Living dinosaurs: The evolutionary history of modern birds

Apr 05, 2011

"Even the wide interval between birds and reptiles has been shown by the naturalist to be partially bridged over in the most unexpected manner, on the one hand, by the ostrich and extinct Archeopteryx, and on the other hand, by the Compsognathus, one of the Dinosaurians". - Charles Darwin, Origin of the Species, 1872.

When Darwin penned these words the recognition by Thomas Huxley of a transitional fossil appeared to confirm a remarkable, but straightforward evolutionary story; that modern birds evolved from ancient . Yet in the centuries following this discovery the rise of modern birds remains greatly debated and now, in their new title Living Dinosaurs: The Evolutionary History of Modern Birds , researchers Gareth Dyke and Gary Kaiser set out to unite ornithologists and paleontologists to form a modern understanding of the evolution of birds at the beginning of the 21st century.

"When Huxley discovered what was believed to be a 140-million-year-old fossil, bridging the gap between dinosaurs and birds, it was hailed as one of the great triumphs of early evolutionary history," said Dyke. "Nothing in biology is that straight forward and since the 1920's this consensus has been challenged causing a debate of such length and intensity that students studying fossil organisms have been largely isolated from those studying ."

Living Dinosaurs: The of Modern Birds , aims to bring the two fields of ornithology and paleontology together to present the current understanding of avian evolution. Each chapter presents a current point of view, placed into context with discussion of the direction of future research.

The books focuses on evolutionary aspects of function and ecology, rather than technical descriptions of fossils and begins with a review of the early ancestry of birds and the conditions under which they diversified in the Cretaceous era. The book continues by providing ornithologists with a overview of the , before focusing on the development of features that have contributed to the success of living species.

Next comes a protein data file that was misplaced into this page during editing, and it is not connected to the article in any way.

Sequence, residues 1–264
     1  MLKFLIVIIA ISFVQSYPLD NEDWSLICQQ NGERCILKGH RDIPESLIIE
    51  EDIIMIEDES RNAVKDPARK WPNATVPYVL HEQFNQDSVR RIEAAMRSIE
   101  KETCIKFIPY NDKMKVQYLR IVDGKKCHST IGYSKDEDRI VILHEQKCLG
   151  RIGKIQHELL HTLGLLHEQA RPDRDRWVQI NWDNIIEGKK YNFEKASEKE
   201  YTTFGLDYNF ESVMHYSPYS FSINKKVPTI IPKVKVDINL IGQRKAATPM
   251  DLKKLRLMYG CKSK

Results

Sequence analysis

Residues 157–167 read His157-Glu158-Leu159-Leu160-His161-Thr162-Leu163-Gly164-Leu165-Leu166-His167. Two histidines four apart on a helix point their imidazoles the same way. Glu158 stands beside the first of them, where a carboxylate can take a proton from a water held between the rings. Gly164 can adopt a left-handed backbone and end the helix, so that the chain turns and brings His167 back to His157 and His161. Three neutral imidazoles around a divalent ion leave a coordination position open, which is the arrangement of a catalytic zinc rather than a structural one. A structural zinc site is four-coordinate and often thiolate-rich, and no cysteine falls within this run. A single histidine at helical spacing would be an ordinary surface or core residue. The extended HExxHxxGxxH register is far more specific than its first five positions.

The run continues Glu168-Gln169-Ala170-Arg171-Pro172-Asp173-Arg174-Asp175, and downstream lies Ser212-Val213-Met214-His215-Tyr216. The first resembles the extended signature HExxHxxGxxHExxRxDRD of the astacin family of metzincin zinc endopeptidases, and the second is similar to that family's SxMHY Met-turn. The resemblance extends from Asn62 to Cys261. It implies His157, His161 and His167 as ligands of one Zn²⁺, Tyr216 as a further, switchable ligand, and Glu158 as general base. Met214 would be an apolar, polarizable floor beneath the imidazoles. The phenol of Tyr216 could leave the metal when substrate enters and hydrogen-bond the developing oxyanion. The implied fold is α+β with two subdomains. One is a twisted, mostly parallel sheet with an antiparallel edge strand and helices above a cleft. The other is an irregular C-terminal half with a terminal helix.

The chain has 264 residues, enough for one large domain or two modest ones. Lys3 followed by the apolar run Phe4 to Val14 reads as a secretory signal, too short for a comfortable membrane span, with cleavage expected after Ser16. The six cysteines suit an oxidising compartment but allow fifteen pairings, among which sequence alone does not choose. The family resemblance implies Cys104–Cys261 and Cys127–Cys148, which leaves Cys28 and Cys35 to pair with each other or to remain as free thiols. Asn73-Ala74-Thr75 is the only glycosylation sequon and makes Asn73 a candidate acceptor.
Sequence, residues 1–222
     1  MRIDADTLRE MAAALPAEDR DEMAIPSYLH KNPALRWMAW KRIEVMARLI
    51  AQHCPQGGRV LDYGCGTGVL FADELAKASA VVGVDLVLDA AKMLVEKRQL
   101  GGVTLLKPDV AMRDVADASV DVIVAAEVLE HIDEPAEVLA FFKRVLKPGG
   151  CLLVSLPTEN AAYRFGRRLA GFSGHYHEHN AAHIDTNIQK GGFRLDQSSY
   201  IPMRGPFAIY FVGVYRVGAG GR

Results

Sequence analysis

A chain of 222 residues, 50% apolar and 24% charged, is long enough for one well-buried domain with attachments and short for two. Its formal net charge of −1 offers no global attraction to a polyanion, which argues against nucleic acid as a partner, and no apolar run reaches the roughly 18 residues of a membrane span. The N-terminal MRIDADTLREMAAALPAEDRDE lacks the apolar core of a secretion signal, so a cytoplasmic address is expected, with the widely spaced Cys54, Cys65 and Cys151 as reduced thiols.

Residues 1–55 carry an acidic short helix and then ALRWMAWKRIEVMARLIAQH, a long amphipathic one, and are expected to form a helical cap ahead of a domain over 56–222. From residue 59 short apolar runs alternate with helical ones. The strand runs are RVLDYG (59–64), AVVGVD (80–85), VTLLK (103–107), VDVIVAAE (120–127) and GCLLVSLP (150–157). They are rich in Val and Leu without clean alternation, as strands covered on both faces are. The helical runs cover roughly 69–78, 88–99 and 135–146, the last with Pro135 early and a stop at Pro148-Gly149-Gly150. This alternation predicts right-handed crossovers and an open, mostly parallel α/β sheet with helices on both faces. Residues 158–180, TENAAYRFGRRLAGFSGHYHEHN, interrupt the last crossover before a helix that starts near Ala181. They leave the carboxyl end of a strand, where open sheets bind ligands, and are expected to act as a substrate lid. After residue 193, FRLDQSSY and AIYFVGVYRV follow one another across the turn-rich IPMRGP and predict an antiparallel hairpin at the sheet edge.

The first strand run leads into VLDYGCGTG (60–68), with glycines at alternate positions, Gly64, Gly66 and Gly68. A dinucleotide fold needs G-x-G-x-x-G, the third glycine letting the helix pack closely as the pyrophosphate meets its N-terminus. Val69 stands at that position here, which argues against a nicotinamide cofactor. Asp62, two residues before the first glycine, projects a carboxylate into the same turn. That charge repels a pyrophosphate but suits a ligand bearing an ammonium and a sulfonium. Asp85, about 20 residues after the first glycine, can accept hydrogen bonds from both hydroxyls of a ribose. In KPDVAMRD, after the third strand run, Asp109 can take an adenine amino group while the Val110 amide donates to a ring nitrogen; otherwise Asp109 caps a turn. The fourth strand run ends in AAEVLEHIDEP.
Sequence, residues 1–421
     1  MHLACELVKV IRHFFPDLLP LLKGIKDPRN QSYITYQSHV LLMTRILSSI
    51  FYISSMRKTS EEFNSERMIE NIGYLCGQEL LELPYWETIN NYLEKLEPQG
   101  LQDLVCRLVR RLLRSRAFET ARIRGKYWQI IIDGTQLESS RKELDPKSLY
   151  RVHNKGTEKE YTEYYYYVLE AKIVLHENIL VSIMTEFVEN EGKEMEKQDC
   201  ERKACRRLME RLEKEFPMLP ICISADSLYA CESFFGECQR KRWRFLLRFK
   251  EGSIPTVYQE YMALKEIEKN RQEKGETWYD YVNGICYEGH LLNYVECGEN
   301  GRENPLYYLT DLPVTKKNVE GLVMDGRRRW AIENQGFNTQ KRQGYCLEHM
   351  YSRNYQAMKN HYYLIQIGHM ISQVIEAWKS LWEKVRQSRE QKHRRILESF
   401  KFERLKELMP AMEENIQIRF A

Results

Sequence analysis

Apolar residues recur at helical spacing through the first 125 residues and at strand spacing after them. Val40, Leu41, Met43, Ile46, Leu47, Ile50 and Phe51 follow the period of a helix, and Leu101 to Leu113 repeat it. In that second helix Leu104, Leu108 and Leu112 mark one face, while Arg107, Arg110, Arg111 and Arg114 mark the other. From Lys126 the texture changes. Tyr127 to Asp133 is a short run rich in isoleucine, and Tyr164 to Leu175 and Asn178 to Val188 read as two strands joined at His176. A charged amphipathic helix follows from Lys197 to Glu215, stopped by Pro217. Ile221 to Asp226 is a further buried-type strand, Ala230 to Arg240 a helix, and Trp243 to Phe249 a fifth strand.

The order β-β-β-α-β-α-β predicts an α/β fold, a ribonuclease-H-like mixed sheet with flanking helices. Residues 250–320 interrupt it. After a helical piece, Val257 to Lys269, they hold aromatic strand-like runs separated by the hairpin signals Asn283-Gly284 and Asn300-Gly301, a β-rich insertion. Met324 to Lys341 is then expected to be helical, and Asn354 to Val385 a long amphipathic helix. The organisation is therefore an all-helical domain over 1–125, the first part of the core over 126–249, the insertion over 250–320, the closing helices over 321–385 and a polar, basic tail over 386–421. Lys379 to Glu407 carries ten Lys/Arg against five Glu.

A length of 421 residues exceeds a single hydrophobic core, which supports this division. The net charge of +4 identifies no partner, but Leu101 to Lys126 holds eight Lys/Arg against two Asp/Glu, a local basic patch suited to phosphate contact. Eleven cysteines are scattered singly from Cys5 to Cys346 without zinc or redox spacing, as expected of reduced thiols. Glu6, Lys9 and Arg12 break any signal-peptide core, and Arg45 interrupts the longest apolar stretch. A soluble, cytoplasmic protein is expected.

"Living Dinosaurs offers a snapshot of our current understanding of the origin and of birds. After slumbering for more than a century avian paleontology has been awakened by startling new discoveries on almost every continent," said Kaiser. "Old controversies have been swept away and replaced by new and more difficult questions, such as how did birds learn to fly and how did they survive the great extinction that ended the Mesozoic Era?"

"Answers to these questions may help us understand how the different kinds of living are related to one another and how they evolved into their current niches. More importantly, they may help us understand what we need to do to help them survive the dramatic impact of human activity on the planet."

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